Fatherly Musings on When the Real Training Wheels Come Off
She’s leaving home.
- Written bySteve Seidel
- Illustrated byNikki Smith
I just dropped off my daughter for her freshman year at college. Moving her in brought me immediately back to my own college experience, leaving me wondering if they bottled the essence of dorm room atmosphere and sprinkled it throughout college living facilities everywhere. Eau de dormitory toilette. That scent was oddly triggering. I vividly remembered standing in the hallway of my dorm room on move-in day and meeting my new next-door neighbor. Seemed like a pretty cool guy. Little did I know that he would become my best friend, marry my wife’s best friend, and our kids would become great friends decades later.
Is this some sort of time warp? My college experience couldn’t have been more than a few years ago. How could it be that my daughter is going through it already? I feel like I just taught her to ride a bike.
For all the irrational pressure being placed on the college experience, this is what I know to be true: There is more to college than simply getting an education; you don’t need to waste money on all those “essential” dorm supplies that won’t fit in 100 square feet of living space; and there will be excessive partying and regrettable late-night decisions.
As I told my daughter, college is real life with training wheels. It’s living on your own, but with roommates, a meal plan and minimal expenses. Hard for the protective father in me to say it, but now is the time to screw up, oversleep, study for the wrong test, eat questionable cafeteria food. Just like when those bicycle training wheels came off, there comes a moment when you’ve gotta let go and hope that all of the Yoda-esque wisdom imparted on my young Jedi soaked in. She seemed to get it. I’m not too naive to think that boundaries aren’t going to be challenged, but her “I know, Dad” responses were delivered with reassurance, not an eye roll. Hey, it’s a start.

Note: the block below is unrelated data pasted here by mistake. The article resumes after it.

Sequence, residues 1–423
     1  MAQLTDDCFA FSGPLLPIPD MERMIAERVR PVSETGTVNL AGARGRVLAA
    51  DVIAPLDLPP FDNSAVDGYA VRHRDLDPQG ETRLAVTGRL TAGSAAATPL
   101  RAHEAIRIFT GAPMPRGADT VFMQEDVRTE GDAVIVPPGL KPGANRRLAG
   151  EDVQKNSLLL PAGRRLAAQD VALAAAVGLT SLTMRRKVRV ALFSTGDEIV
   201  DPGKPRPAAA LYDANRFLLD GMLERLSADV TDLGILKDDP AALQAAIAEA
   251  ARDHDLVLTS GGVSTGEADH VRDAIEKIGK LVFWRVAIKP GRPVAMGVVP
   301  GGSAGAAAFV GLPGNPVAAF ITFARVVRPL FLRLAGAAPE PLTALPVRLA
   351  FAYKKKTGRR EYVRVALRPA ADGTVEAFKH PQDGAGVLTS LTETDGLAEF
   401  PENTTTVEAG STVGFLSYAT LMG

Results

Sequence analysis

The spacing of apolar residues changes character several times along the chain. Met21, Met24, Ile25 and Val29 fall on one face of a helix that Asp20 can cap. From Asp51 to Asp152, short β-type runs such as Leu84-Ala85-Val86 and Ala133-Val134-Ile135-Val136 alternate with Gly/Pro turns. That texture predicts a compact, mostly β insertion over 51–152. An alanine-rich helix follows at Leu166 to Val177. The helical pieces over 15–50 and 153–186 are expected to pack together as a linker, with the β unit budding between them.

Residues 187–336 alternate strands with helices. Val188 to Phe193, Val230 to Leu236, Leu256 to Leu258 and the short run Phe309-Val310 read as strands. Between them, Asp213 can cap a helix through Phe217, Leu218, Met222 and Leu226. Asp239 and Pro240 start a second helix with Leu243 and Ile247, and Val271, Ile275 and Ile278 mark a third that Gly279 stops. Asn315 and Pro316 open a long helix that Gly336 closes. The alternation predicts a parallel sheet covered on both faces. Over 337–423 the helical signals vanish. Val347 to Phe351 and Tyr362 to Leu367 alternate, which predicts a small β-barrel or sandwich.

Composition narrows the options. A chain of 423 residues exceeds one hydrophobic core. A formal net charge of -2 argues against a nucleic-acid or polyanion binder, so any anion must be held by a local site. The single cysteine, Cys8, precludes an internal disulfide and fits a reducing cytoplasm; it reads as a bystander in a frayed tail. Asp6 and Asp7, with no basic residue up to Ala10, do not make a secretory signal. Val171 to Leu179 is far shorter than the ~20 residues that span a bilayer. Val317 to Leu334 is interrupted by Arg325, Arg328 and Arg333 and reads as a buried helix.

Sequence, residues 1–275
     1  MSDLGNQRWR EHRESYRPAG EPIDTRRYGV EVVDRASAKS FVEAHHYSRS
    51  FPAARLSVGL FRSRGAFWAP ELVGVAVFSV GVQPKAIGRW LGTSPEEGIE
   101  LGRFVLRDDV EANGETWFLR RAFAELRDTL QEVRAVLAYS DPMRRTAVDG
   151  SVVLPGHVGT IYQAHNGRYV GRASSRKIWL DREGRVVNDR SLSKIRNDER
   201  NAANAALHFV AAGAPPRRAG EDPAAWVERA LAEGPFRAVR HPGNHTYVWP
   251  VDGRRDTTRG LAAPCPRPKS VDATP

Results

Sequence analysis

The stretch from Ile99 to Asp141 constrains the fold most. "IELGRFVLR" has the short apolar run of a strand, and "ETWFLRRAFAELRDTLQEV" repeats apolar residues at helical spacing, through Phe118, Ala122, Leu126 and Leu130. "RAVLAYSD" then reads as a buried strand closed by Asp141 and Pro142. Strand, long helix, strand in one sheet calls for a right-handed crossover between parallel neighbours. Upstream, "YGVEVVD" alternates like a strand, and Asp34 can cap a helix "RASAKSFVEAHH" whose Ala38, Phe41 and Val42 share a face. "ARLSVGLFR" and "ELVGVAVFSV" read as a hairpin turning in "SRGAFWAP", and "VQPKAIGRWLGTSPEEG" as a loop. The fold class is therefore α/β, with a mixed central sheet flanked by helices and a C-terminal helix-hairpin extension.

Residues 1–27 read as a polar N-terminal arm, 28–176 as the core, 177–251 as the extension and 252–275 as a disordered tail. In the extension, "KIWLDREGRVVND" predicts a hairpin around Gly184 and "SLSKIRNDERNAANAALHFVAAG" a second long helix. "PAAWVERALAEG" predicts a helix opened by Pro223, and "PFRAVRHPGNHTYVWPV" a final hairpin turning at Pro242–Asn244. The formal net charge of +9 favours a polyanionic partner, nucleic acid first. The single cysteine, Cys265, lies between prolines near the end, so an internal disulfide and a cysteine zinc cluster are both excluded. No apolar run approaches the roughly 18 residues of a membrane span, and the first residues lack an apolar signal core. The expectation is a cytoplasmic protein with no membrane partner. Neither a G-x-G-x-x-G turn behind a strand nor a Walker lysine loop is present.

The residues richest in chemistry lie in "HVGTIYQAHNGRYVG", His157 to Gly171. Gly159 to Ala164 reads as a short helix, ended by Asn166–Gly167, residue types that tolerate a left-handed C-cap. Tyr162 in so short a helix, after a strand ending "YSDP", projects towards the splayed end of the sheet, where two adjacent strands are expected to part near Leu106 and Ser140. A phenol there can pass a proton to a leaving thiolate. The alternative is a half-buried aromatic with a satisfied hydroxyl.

My baby girl has moved on. Sure, she’ll come home again for school holidays and summers, but once she’s spent time in the real world—even one with training wheels—it will be like that time I loaned a friend my leather jacket. When I got it back, it never fit quite right again.
As difficult as pandemic living has been, I loved every minute of wearing matching Comfys, bingeing on Breaking Bad, enjoying to-go sushi from Little Izaka-ya, and discussing the comedic merits of the latest dank meme. It’s not just that my firstborn has moved away; so has a good friend, my concertgoing sidekick and spiritual panacea who—quite honestly—kept me feeling young. In the blink of an eye she’ll graduate, land a job, move into a crappy apartment, and carry on with her own journey of life. I’ll be left with the consolation prize of turning her old bedroom into my man cave.
Steve Seidel, a proud graduate of UC Santa Barbara, lives with his wife and son in Sherman Oaks.
It’s all about the blue hour.